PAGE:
Elinor:  {trying as always to soothe everyone} Mr. Ferrars, I assure you, that is not necessary. Marianne is quite comfortable in my chamber, and the attic suits me perfectly. It’s the best place in the house to look over the landscape and sketch.

{Enter Mrs. Dashwood. She sees Edward and stops. Her expression shows that she intends to take a dislike to him.}

Mrs. Dashwood:  {frostily} Good morning.

{Elinor hurries to her mother.}

Elinor: Mama, this is Mr. Edward Ferrars. Marianne and I were just becoming acquainted with him, and we’re very certain you will like him as much as we do already.

{Edward bows deeply.}

Edward: Mrs. Dashwood, may I express my condolences. I apologize for troubling you with my presence at such a time, but my mother particularly wanted me to visit Fanny. She thought I might be of assistance to her in settling here at Norwood, although I don’t know what sort of help a shy, foolish fellow like me could provide.

Mrs. Dashwood: {obviously confused by his gentle and self-effacing demeanor} Mr. Ferrars, I thank you for your kind words.

Edward: Ma’am, I appreciate your understanding. My mother, I fear, is not in the habit of taking no for an answer. And since I’m still dependent on her, I find it easier to obey than to fight a battle I cannot win. I will be as little trouble as possible. I enjoy sitting quietly with a book or walking in the country.

{The three women exchange glances. They are astounded that he is Fanny’s elder brother.}

Mrs. Dashwood: I mean no offense, Mr. Ferrars, but I must say, you’re very different from Fanny.

Edward: From all my family, ma’am. My brother Robert should be the elder son, and I would change places with him if I could. My sister and brother are constantly engaged in society, while I sit under trees and read about philosophy. My mother is often cross with me, and I suppose I can’t blame her.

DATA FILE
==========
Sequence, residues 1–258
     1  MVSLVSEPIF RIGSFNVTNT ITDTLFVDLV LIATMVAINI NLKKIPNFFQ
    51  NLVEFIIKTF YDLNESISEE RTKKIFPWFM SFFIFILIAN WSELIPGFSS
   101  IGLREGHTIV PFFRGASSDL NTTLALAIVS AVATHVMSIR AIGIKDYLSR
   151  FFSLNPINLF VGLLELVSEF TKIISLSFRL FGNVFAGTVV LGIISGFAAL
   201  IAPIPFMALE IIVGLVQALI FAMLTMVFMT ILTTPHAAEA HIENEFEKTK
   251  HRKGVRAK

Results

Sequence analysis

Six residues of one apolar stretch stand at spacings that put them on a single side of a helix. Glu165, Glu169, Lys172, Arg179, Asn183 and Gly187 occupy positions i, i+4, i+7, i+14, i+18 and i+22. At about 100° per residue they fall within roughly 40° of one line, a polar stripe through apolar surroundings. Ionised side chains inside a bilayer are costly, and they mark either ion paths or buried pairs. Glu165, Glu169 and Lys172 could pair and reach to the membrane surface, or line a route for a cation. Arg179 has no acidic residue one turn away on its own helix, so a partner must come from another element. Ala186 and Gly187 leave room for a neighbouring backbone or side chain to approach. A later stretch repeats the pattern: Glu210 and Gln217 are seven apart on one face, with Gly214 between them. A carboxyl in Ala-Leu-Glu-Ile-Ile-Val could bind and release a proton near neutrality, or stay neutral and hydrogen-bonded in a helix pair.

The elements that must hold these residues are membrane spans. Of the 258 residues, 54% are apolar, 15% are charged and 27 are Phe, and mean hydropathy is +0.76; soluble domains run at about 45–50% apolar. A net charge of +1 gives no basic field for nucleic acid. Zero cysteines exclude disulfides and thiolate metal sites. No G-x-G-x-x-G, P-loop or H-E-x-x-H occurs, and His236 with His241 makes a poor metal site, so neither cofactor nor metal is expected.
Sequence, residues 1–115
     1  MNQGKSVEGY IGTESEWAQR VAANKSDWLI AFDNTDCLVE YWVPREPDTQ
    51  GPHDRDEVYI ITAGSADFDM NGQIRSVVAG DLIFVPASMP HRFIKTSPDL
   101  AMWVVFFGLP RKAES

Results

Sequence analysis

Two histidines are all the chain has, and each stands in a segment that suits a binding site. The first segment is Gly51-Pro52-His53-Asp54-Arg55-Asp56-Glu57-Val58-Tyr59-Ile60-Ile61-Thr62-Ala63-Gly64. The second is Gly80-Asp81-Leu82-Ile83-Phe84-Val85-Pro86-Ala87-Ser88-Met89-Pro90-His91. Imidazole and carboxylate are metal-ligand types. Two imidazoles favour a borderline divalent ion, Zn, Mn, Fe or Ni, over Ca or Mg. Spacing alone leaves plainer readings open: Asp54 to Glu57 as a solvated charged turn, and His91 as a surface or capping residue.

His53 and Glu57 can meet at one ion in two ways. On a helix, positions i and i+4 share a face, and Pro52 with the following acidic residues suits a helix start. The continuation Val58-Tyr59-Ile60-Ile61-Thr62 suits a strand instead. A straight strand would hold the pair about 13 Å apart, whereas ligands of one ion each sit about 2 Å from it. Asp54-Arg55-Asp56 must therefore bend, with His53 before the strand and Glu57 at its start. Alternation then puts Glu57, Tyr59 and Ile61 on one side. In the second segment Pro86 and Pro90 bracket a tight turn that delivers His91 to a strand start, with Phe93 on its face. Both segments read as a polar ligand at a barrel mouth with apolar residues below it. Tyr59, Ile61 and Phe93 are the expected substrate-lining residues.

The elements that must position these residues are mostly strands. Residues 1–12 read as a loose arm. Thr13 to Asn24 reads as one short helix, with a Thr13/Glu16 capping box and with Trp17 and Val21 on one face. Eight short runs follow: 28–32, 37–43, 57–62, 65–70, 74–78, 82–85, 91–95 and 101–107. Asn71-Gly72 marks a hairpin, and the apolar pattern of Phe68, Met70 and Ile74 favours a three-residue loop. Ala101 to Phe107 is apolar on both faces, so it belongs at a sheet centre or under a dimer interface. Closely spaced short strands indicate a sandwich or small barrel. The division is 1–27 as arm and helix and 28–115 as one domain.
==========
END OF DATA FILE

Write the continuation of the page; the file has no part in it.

Marianne:  Cross with you! Forgive my frankness, but if people were to be cross with me because I loved to read – which I do – I would think them very small-minded. Your mother should thank heaven every day for such a son as you!

Edward:  {smiling} Miss Marianne, your frankness delights me and I wish my mother thought as you do.

Mrs. Dashwood: Mr. Ferrars…

Edward:  Please ma’am, call me Edward.

Mrs. Dashwood: Very well…Edward. Tell me, does Fanny know you’ve arrived? Has the butler announced you?

Edward:  No. I came in the back door directly from the stables. I dislike the pomp and formality of being announced.

Marianne:  Bravo, Edward! But now we must take you directly to the drawing room or your sister will raise the very dickens and accuse us of usurping you.

Mrs. Dashwood: {laughing} I apologize, Edward, for the licentiousness of my younger daughter’s tongue. However, she is correct. Fanny will want to see you immediately.

Edward:  {sighing} Of course…but first…unless I’m mistaken…Miss Elinor Dashwood invited me to walk to that maple tree she was drawing before I interrupted her.

Elinor: {embarrassed but willing to go along with the idea} Did I? Of course…if you’re sure Fanny will not mind.

Edward: {offering his arm} It can be our secret. Mrs. Dashwood and Miss Marianne will not betray us, I am sure.

{Elinor takes Edward’s arm and they exit, leaving Marianne and Mrs. Dashwood looking at each other with delight and amazement.}

{Enter Fanny.}